Banks lead the pack as companies finally, slowly, start bringing workers back to the office

As Ontario lifts more COVID-19 restrictions, Toronto’s employers are slowly welcoming workers back to the office — they expect many employees will continue to work remotely at least part-time.

Brian Rosen, president and CEO of commercial real estate and investment management firm Colliers Canada, said Omicron put the brakes on last fall’s gradual return to in-person working. But this time, companies don’t have to create a brand-new flexible work plan, which means they can bring employees back quicker in 2022, he said.

“We’re starting to see companies very, very eager to start getting people back in the office,” said Rosen.

The big banks tend to lead the pack in downtown Toronto, said Rosen, so when BMO announced it would start bringing some employees back in early February, that signaled a shift in the coming weeks.

Colliers itself has been open throughout most of the pandemic, as some workers have to be in person at least part of the time. The company has a full-fledged return-to-work strategy where some employees will have to work in person for a certain number of days, said Rosen, but he doesn’t think it will be put in place until late spring. In the meantime, the company is keeping its vaccine mandate and following provincial health guidelines, he said, while encouraging workers to come back to the office more often.

Soon, Toronto city buildings will be opening their doors again, heralding a potentially busier spring for the downtown core. And some financial district giants are stirring — BMO began bringing back more workers in early February, moving toward a hybrid plan in early April, Bloomberg reported.

And HSBC is beginning a phased reopening of its offices at the end of the month, with its corporate Toronto office waiting until March 14.

“Our offices have been set up for fully hybrid working and we expect that even once capacity restrictions are lifted, most employees will continue to work from home at least a few days a week,” said spokesperson Sharon Wilks, adding that the company’s vaccination policy will remain.

Insurance giant Sun Life plans to resume its voluntary office return pilot program, and expects to fully reopen later in 2022, although the company will continue offering flexibility to its employees, said spokesperson Nadine Jahangir Gerrard.

And at RBC, employees will be allowed to return over the coming weeks and months, depending on local restrictions, while many teams will transition to hybrid work arrangements, said a spokesperson.

Foot traffic downtown is increasing week over week, according to commercial real estate firm Avison Young, though it’s still significantly below pre-pandemic levels. Toronto’s downtown core has been particularly hard-hit by Omicron and previous waves of COVID-19, as many businesses in the financial district rely on in-person workers.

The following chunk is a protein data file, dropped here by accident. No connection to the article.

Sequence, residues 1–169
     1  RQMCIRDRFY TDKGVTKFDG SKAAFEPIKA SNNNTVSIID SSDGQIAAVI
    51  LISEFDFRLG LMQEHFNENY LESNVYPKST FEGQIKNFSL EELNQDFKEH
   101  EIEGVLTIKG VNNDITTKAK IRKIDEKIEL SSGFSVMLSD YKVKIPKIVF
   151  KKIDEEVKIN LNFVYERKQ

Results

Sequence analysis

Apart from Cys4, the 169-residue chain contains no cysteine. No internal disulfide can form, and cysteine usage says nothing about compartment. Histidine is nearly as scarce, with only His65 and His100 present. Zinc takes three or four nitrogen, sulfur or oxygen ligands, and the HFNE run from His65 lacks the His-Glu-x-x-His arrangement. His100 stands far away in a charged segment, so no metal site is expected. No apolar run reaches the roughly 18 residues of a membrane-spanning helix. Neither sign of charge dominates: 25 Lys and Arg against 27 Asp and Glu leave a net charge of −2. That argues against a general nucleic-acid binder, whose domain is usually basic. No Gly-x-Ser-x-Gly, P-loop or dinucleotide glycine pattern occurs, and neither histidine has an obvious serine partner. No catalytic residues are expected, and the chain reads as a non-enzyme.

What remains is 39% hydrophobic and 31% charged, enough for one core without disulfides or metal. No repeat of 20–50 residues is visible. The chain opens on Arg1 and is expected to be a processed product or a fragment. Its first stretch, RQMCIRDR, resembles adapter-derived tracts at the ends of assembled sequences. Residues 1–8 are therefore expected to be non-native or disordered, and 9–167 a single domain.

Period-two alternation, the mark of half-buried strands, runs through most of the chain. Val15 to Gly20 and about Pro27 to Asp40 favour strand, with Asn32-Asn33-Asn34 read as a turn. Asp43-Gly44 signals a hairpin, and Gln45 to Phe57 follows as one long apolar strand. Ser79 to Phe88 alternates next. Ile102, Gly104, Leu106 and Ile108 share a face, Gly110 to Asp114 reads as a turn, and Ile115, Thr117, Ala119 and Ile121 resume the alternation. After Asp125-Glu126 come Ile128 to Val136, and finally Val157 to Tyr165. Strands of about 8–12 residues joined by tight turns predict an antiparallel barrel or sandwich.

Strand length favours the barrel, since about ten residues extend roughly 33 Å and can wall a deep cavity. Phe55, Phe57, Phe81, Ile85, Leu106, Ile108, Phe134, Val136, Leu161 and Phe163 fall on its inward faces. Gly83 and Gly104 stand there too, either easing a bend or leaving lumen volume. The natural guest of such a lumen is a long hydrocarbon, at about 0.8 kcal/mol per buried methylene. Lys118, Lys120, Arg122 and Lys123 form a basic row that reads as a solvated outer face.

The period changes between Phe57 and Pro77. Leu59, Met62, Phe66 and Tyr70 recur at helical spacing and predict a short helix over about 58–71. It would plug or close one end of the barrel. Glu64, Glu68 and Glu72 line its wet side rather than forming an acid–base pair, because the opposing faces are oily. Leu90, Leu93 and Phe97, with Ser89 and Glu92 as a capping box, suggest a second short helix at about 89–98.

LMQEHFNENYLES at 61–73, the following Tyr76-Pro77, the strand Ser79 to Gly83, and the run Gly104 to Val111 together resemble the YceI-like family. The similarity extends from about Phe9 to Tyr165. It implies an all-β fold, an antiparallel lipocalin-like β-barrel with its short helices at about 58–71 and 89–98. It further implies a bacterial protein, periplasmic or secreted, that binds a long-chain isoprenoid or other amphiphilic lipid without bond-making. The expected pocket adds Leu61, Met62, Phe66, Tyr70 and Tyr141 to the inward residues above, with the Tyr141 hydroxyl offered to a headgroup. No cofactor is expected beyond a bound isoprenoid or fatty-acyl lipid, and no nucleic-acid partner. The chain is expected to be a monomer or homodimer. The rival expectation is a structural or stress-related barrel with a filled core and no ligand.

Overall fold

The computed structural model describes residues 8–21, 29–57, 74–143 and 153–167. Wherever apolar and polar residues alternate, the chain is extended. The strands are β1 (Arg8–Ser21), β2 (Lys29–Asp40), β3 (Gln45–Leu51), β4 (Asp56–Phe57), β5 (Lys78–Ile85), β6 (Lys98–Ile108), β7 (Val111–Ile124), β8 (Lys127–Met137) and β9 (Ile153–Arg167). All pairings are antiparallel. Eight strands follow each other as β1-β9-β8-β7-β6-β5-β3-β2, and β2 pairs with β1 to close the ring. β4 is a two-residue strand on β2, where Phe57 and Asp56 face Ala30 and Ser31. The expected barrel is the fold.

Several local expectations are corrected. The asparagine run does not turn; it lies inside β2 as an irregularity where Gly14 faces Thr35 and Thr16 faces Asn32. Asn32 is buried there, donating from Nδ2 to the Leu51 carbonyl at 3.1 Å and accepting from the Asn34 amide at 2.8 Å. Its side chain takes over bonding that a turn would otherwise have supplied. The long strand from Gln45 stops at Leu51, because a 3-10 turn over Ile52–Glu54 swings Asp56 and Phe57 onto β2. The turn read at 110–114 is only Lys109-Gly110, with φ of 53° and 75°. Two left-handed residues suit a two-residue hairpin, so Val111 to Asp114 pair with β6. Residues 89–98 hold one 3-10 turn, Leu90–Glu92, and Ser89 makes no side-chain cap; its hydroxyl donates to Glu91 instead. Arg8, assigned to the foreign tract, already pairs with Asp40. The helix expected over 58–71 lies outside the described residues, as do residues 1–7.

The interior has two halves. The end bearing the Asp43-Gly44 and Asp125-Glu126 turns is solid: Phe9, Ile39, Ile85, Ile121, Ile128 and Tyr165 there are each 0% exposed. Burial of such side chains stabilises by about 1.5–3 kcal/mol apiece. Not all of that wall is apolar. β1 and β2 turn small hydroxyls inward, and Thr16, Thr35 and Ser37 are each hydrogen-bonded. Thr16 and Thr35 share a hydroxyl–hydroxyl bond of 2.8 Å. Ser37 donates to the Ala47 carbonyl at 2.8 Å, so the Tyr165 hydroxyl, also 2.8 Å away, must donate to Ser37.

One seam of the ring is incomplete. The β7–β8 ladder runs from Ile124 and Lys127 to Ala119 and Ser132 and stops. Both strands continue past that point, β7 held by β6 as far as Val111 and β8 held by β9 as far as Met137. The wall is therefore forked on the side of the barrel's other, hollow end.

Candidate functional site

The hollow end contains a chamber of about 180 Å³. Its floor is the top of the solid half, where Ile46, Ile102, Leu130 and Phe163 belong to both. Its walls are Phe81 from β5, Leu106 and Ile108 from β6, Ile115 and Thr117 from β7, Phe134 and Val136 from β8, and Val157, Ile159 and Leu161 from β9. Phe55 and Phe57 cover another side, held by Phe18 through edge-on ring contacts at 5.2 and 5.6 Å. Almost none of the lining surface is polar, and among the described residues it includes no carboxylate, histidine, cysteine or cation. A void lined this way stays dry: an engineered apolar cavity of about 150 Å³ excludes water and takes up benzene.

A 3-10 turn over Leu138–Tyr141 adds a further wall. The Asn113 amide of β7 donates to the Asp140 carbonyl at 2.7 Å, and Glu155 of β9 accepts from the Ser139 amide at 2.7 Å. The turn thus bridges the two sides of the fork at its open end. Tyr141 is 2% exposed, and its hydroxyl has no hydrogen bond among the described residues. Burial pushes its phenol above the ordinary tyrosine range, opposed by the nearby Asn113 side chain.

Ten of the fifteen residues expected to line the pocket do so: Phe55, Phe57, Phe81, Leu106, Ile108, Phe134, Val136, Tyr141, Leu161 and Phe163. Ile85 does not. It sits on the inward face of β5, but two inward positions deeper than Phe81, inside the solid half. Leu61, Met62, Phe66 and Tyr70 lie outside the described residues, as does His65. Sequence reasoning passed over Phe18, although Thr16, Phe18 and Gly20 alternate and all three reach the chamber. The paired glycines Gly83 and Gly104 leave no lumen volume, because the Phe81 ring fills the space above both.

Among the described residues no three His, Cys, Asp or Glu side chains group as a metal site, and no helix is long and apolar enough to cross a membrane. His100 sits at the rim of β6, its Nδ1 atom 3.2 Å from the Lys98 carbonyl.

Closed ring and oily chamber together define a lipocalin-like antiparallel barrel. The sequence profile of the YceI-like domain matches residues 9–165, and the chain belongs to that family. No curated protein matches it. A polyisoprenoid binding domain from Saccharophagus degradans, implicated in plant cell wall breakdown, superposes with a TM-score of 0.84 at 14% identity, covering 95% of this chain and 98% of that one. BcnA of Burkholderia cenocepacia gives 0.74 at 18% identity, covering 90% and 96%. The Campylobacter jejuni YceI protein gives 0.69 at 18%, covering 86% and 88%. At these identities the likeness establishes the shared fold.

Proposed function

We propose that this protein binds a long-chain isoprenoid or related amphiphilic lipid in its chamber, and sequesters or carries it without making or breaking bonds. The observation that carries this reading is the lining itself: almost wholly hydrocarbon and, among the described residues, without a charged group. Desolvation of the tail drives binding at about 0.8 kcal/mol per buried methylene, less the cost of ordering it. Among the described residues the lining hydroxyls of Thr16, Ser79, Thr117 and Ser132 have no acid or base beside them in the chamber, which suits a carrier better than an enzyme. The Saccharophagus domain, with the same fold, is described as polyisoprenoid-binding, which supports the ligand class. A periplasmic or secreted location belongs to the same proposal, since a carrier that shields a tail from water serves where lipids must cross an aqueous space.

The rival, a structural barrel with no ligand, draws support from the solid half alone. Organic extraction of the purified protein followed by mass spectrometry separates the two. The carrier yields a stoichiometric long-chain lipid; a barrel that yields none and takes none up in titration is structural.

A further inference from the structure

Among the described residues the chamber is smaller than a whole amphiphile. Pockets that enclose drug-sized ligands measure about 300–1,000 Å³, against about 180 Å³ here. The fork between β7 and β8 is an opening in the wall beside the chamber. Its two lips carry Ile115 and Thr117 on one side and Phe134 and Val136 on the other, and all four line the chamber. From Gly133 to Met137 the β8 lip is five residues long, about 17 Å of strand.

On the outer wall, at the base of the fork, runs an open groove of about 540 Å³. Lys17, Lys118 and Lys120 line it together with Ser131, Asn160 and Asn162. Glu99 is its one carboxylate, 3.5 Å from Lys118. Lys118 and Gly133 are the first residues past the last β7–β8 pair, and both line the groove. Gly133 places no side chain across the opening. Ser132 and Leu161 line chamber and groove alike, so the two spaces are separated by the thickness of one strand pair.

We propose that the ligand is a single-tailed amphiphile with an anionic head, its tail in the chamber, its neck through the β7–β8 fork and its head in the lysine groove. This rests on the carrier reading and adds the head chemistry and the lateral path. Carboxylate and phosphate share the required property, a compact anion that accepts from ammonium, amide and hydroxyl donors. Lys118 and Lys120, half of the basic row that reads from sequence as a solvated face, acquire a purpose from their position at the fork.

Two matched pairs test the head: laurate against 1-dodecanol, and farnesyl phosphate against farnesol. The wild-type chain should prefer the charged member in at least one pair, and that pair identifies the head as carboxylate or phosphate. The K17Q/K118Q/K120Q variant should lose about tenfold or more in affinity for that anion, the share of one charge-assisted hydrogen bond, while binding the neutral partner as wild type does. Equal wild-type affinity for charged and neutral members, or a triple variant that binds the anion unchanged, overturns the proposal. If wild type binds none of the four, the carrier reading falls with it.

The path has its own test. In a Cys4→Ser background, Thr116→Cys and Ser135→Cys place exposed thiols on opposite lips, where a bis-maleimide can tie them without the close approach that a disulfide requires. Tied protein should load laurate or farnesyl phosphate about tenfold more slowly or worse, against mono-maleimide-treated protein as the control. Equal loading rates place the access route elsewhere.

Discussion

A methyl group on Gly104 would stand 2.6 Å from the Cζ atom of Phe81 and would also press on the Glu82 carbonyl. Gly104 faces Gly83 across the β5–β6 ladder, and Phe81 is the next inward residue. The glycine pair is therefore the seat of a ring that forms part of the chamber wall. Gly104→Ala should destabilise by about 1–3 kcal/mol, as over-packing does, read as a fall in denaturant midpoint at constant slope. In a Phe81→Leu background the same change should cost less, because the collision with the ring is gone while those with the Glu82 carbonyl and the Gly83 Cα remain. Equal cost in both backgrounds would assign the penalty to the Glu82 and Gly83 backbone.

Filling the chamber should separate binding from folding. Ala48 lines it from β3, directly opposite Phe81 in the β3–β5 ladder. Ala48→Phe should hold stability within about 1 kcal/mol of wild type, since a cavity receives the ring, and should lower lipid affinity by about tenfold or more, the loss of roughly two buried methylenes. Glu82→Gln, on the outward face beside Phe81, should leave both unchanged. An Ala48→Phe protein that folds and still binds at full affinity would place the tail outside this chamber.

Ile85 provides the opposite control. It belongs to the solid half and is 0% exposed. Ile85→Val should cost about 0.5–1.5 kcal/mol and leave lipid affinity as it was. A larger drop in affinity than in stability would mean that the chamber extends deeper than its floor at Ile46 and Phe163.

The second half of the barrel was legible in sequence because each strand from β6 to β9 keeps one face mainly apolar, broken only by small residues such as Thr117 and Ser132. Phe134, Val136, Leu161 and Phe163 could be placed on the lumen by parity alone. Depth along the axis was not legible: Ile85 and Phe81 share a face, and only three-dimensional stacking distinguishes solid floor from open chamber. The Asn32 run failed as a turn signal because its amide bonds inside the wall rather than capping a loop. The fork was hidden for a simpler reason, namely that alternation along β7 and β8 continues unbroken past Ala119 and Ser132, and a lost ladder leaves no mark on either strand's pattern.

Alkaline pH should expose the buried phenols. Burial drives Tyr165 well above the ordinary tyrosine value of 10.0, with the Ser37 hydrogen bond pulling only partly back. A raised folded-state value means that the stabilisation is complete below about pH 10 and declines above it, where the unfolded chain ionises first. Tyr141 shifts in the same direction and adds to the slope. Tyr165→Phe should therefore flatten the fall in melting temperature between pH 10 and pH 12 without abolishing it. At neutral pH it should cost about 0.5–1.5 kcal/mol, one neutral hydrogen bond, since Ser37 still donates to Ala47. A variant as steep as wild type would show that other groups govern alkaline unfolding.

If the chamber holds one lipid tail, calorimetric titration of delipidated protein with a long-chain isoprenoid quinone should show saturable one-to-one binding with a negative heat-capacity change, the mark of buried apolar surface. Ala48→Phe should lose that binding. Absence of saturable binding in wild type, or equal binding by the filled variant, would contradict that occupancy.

Elke Rubach, president of Rubach Wealth, said her employees have become accustomed to working remotely — and so have her clients.

For the foreseeable future, Rubach and her employees might have meetings in person every couple of weeks, but they aren’t rushing back to their downtown office full time.

Hybrid and remote work consultant Nola Simon said the intention of a company’s back-to-work strategy will make or break the plan’s success — there has to be a good reason for employees to come into the office.

“There’s no going back to 2019. Your culture has changed,” she said.

Ontario’s restrictions being lifted might make some companies more eager to return, while others might be more cautious, said Simon.

Shir Magen, CEO of HomeStars, said like many other employers, she cautiously reopened the office in the fall of 2021. While the business of around 160 employees was doing better than ever despite the remote shift, some of the younger employees were clearly struggling, said Magen.

Only 10 or 15 workers returned to the office part-time last fall, said Magen, and when Omicron hit, the office closed again.

Now, HomeStars will be reopening its office again on Monday, and this time Magen thinks more people will be coming in. Despite Ontario lifting many of its restrictions in the coming weeks, HomeStars employees will still be required to show proof of vaccination in order to enter the office, she added.

“I think people are itching to get back,” she said.

But Magen thinks the hybrid workplace is here to stay. Workers have come to enjoy the flexibility of being able to choose whether to work remotely each day, and the company has benefitted too, as Magen has been able to expand her hiring pool beyond Toronto and grow the company by dozens of people during the pandemic.

“I think employers have to be able to balance remotely and in person,” she said.


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